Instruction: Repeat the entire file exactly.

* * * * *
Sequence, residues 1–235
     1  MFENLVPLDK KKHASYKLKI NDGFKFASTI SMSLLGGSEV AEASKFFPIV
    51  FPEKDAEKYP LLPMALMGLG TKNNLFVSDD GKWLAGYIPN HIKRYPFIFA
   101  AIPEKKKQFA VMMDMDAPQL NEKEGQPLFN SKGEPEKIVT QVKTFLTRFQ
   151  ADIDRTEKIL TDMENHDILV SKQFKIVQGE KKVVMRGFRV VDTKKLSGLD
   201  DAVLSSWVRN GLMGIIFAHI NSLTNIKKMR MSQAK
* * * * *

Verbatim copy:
Sequence, residues 1–235
     1  MFENLVPLDK KKHASYKLKI NDGFKFASTI SMSLLGGSEV AEASKFFPIV
    51  FPEKDAEKYP LLPMALMGLG TKNNLFVSDD GKWLAGYIPN HIKRYPFIFA
   101  AIPEKKKQFA VMMDMDAPQL NEKEGQPLFN SKGEPEKIVT QVKTFLTRFQ
   151  ADIDRTEKIL TDMENHDILV SKQFKIVQGE KKVVMRGFRV VDTKKLSGLD
   201  DAVLSSWVRN GLMGIIFAHI NSLTNIKKMR MSQAK